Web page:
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A CurtainUp London Review
If There Is I Haven't Found It Yet
by Tim Newns
Anna, a 15 year old girl, is suspended from school for facing up to her enemies. With a father who is too wrapped up in his work and a mother seemingly too blinded by guilt to care for her, Anna (Ailish O'Connor) turns to her Uncle Terry (Rafe Spall) for guidance. However Uncle Terry has his own demons that get in the way leading them both on a path of heartache and isolation.
With a strong cast and some beautifully resonant dialogue from Payne that you immediately identify with, Josie Rourke's production is well directed and executed with some interesting moments of dramatic tension. Payne's ability to fluctuate a scene between hilarity and melancholy in an instant provokes a unique blend of emotion from its audience. The trauma Anna goes through in the play draws the deepest sympathy and reflection, largely due to the innocent and heart-warming performance from Ailish O'Connor as Anna.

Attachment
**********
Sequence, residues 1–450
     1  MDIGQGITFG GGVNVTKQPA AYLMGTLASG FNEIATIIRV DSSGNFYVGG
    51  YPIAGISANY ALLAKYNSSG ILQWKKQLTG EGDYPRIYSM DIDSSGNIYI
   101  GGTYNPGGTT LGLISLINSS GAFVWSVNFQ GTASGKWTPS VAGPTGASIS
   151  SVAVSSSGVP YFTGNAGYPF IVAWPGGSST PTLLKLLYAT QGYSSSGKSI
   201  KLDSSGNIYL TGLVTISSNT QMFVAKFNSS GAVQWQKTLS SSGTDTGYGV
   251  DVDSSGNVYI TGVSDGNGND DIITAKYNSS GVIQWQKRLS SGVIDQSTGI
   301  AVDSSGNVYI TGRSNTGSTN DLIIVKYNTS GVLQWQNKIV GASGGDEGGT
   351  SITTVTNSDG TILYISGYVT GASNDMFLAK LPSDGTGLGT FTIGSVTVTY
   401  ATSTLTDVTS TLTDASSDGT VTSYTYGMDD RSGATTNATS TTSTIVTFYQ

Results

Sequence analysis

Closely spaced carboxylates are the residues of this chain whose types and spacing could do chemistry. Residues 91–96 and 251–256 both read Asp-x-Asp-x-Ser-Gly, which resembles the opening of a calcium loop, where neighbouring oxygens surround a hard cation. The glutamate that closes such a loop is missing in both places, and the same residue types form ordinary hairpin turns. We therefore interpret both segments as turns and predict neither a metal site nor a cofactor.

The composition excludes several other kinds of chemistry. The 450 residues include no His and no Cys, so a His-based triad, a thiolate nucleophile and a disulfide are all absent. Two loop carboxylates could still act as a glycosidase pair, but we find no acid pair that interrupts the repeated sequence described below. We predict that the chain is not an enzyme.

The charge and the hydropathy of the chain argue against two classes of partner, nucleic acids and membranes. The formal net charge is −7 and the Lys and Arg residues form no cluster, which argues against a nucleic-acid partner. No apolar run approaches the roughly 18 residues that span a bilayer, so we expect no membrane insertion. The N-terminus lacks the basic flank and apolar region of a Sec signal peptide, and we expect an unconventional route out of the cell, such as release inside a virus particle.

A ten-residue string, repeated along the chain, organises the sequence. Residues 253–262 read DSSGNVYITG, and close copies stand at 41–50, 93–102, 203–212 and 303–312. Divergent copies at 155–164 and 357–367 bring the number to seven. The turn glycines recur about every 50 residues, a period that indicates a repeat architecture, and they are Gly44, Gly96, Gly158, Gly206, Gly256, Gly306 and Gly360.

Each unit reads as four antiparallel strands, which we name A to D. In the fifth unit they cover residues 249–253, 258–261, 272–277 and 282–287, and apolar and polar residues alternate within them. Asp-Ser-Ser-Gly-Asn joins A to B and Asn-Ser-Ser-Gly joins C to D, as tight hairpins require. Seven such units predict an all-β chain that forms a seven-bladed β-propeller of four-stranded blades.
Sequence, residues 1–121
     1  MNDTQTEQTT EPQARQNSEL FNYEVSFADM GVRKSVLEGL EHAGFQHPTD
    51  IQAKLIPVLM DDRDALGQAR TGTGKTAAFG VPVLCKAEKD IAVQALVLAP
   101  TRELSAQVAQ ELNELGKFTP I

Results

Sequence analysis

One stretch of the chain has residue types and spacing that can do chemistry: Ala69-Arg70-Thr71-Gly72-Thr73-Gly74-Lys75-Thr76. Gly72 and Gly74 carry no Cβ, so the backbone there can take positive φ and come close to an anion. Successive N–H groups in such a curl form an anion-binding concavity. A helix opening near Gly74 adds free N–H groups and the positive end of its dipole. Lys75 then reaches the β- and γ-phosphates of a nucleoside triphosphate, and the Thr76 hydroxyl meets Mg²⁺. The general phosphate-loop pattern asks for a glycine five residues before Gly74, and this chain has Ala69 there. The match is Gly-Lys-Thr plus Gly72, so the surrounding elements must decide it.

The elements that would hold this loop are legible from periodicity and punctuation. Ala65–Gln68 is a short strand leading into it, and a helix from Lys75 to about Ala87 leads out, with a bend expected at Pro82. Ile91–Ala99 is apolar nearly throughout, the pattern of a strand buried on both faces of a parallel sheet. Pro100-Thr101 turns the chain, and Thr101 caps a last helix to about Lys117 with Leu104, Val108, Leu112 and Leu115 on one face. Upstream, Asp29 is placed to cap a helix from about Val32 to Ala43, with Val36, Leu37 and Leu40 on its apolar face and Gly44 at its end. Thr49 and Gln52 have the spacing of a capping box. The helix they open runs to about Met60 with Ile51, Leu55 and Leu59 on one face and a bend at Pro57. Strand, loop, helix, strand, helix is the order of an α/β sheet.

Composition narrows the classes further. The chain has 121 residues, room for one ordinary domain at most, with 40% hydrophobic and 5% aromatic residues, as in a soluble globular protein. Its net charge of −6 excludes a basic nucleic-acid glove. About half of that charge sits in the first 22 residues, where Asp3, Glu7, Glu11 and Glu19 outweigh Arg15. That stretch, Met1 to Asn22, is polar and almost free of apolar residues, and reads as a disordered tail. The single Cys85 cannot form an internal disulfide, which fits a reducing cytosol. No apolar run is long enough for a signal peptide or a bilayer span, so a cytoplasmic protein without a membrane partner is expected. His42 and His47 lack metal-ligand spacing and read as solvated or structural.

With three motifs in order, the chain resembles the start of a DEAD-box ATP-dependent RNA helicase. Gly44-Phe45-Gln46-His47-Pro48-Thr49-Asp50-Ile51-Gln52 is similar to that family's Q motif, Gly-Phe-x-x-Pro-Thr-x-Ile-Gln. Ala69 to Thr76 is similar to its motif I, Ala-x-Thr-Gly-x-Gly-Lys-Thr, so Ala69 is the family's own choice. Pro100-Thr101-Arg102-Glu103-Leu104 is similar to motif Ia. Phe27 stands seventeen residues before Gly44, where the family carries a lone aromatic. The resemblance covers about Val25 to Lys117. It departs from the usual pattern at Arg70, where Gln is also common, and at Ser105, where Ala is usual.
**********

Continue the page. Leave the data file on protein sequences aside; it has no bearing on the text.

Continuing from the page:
Michael Begley provides a rather quirky performance as George, Anna's father, which initially baffles but becomes rather engaging and humorous. His inability to talk to his daughter about anything that actually matters is played to the extreme, culminating in a delightfully excruciating scene between father and daughter in an Indian restaurant. Pandora Colin creates a nicely passive and unaffected Fiona, Anna's mother, who seems to be in denial of the dangerous direction her family is going in.
Payne's most compelling creation in the play is Terry played by Rafe Spall. He is a very curious character who provides some of the most amusing moments of the piece. Terry's inability to stay in one place and his obsession with a girl from the past just scratches the surface of a very complex man. Spall's performance is very watchable and one that continually shifts from a nervous and excitable quality to sincere and sad.
Lucy Osborne's set design is aesthetically pleasing with a sky blue covering the entire auditorium and stage area but it is a little impractical and obstructive causing many scenes to be confined to a small section of the space. There were some brave and interesting choices to differentiate the various locations in the play but with the set being so brazen it becomes too much a part of the production and ultimately a bit of a distraction.
Josie Rourke's production does have its minor flaws and the technical elements are at times rather obtrusive but underneath the blue exterior and the countless light shades that dominate the space is a rather deep and dynamic play.
Retold by Tina Packer of Shakespeare & Co.
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